Posted December 2nd, 2019.
News of the deals with five of the seven plaintiffs bringing gender discrimination claims against the firm comes as the remaining two Jane Doe plaintiffs prepare to lift their pseudonyms in a Dec. 10 amended complaint in the case.
By Ross Todd
A handful of the attorneys who sued Morrison & Foerster claiming that the law firm discriminates against pregnant women and mothers have reached settlements with the firm.
The claims of Jane Does 2, 3, 4, 5 and 7—five of the seven pseudonymous plaintiffs who sued the firm for gender discrimination—were “resolved” after a mediation session in September according to a joint Nov. 27 filing from the firm’s lawyers at Gibson, Dunn & Crutcher and the plaintiffs’ lawyers at Sanford Heisler Sharp.
News of the settlements comes as plaintiffs prepare to file their latest amended complaint in the high profile lawsuit Dec. 10—a complaint that will lift the pseudonyms for the remaining two plaintiffs. The remaining plaintiffs face a potential fight over class certification in the case, where plaintiffs are seeking at least $50 million in back-pay, at least $50 million in nominal, liquidated and compensatory damages, and at least $100 million in punitive damages, according to the Nov. 27 filing.
Reached by phone Monday afternoon, Gibson Dunn’s Catherine Conway confirmed that the firm had settled with five of the plaintiffs, but declined to provide any further details on the deals. Sanford Heisler’s Deborah Marcuse said the matter has been resolved with regard to Jane Does 2-5 and 7, and the legal team had no further comment.
Marcuse filed the initial complaint in the case in April 2018 on behalf of three female Morrison & Foerster associates in California. The plaintiffs accused the firm of routinely holding back mothers and pregnant women and giving them lower pay and promotion opportunities compared to their male peers. Three additional plaintiffs—Jane Doe 4, Jane Doe 5 and Jane Doe 6—signed onto the case in January. Jane Doe 7, a former associate who had worked in Morrison & Foerster’s New York office, was added to the case in March.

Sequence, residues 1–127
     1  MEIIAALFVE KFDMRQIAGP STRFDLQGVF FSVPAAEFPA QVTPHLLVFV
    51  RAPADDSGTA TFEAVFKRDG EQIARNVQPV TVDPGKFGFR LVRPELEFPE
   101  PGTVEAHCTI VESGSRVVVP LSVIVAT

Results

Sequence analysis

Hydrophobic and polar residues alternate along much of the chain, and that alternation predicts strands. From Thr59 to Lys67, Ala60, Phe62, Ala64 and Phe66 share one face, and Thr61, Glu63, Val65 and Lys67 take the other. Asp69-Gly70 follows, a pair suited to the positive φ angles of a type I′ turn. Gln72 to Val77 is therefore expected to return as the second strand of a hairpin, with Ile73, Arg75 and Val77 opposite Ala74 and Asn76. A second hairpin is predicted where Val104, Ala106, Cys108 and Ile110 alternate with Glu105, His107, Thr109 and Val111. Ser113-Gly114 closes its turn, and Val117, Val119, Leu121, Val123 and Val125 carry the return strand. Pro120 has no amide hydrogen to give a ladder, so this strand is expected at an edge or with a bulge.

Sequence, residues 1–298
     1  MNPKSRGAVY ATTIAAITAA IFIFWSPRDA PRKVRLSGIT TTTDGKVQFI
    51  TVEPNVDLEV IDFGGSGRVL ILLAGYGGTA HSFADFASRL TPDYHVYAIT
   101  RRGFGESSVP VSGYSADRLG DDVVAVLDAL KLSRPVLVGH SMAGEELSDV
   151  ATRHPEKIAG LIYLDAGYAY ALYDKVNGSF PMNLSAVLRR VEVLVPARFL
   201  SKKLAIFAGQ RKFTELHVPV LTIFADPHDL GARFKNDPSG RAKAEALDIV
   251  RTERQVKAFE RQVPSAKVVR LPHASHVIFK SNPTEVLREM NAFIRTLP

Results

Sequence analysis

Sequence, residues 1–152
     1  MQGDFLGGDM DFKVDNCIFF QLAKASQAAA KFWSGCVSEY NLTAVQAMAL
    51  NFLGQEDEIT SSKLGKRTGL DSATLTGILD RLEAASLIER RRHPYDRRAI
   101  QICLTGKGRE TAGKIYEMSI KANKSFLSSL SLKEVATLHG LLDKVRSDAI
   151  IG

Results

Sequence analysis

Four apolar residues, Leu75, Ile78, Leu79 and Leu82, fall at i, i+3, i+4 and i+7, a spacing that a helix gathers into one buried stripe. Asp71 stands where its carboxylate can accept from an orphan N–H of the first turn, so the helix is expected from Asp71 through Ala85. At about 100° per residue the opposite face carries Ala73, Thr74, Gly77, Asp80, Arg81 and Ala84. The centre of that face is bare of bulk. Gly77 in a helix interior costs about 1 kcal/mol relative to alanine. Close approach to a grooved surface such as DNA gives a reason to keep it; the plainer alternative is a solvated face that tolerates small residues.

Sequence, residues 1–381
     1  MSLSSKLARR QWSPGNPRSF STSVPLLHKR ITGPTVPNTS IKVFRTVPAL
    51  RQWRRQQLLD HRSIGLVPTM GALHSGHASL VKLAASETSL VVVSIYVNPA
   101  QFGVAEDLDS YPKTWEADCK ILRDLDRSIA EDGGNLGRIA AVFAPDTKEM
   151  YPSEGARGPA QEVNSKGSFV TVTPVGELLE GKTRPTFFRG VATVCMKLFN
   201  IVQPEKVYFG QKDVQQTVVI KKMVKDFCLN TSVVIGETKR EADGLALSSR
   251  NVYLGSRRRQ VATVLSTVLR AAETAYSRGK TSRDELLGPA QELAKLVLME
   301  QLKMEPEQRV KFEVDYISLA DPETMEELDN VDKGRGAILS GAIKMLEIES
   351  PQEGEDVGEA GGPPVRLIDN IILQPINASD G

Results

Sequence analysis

The firm, in its defense, has repeatedly during the course of the litigation pointed to its record of hiring, promoting and supporting women and working parents.
The joint filing from the parties indicated that they believe “that further discovery is necessary to negotiate a resolution, if any, to the claims of Jane Does 1 and 6.” According to court filings, Jane Doe 1 is a former associate in one of the firm’s California offices who claims that she was held back from her associate class after returning from maternity leave, before being unfairly evaluated and encouraged to leave the firm. Jane Doe 6, an of counsel who lived in New Jersey and worked in the firm’s New York office, claims she was repeatedly denied promotion to the partnership after taking several maternity leaves.